Porfiry asks, “In [ your] article all people are somehow divided into the ‘ordinary’ and the extraordinary.’ The ordinary must live in obedience and have no right to transgress the law, because they are, after all, ordinary. While the extraordinary have the right to commit all sorts of crimes and in various ways to transgress the law, because in point of fact they are extraordinary.”
Raskolnikov in turn, defends his position, “I merely suggested that an ‘extraordinary’ man has the right… to allow his conscience to…step over certain obstacles…In my opinion, if, as the result of certain combinations, Kepler’s or Newton’s discoveries could become known to people in no other way than by sacrificing the lives of one, or ten, or a hundred or more people who were hindering the discovery, or standing as an obstacle in its path, then Newton would have the right, and it would even be his duty…to remove those ten or a hundred people, in order to make his discoveries known to all mankind.”
I am sure now that this was the position that Tom took. That he was extraordinary and his actions, therefore, beyond the law. I have to admit an admiration; there was something very appealing in Raskolnikov’s argument.
I had been reading Tolstoy’s Anna Kareninina when I was in Moscow. That was the problem. Had I been reading Dostoevsky, perhaps I would have done things differently. I’m sure of it now. I would have done things much differently. In Tolstoy, who could I identify with? Luchen? He was much too perfect. Too good for me. Anna? No, I found nothing to admire in her. No, I was simply reading the wrong book. It could have turned out differently. I realized now that I’d received a second chance. Would I, like Raskolnikov, seek redemption rather than condemnation?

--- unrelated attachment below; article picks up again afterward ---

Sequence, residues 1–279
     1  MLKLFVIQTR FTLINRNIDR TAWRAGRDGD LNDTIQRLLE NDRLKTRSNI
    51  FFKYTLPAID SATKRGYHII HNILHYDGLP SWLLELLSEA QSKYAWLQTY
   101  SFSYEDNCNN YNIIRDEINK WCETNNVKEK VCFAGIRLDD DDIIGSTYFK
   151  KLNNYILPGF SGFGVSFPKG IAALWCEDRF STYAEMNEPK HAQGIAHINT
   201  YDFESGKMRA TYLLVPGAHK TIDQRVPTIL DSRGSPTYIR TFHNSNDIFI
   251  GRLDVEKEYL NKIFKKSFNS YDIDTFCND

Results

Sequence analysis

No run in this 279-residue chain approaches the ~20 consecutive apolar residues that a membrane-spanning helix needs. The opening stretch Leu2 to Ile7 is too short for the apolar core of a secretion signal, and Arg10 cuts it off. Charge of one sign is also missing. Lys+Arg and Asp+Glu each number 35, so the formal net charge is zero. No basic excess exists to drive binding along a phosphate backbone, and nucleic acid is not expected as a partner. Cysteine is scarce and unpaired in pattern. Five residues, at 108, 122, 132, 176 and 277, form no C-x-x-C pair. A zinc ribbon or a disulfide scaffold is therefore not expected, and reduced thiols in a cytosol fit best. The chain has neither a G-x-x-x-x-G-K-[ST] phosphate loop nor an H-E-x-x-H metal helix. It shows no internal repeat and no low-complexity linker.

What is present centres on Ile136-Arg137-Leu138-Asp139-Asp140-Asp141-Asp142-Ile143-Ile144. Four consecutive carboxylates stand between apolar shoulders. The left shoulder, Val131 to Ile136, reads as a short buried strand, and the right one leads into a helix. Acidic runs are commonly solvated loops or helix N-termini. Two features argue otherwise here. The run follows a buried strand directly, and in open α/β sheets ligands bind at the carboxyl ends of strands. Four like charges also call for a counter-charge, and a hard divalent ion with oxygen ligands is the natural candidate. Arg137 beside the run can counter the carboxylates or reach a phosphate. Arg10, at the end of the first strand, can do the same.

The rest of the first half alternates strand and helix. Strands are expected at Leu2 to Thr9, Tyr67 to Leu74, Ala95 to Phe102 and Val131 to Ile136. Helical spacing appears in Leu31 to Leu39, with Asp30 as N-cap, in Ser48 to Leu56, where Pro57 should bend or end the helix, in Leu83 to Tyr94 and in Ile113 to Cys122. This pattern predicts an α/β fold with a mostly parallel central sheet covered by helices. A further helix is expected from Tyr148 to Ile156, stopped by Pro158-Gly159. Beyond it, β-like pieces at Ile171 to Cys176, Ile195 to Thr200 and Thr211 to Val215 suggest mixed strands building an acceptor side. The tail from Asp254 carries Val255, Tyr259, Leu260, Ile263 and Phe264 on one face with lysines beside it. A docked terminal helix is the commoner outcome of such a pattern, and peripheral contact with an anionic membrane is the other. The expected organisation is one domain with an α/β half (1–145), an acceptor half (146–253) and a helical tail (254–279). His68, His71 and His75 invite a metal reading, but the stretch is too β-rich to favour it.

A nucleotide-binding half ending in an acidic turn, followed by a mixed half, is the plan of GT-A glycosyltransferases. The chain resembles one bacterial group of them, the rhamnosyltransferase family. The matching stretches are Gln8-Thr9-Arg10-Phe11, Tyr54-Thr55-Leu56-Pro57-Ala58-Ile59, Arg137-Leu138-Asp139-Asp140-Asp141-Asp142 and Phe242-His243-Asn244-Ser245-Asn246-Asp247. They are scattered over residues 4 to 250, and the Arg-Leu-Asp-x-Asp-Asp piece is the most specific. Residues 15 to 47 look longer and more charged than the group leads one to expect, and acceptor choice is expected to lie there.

Sunday, April 20, 2008
Tonight, the sky is pregnant with swollen white clouds hovering over the night sky. Their weight creates a strange mixture of atmospheric circumstances. Flashes of a rare winter lightening snake between the clouds, followed by a muffled rumble of thunder coming from far away. Undecided between snow or rain, the clouds send a shower of wretched ice pellets. The air pressure has become oppressive. Locally, the old wives tale says this weather causes the blood pressure to spike, hence the headache that sits at the base of my skull and sends fingers of pain that end in knots against each temple.
I had tickets to the opera, but I gave them to my secretary. She was thrilled to get them and said that she would take her mother. Fifth row center orchestra. I hope they will enjoy the show.
I console myself with Maria Callas singing Puccini’s “Un Bel Di Vedremo”. I will replay the track over and over. I have turned out all of the lights in my apartment. There is no fire in the fireplace. I have not lighted a single candle. I move through the apartment by the light of the streetlamps outside, stopping from time to time to look out the window, to check the weather, to see what is happening outside these walls.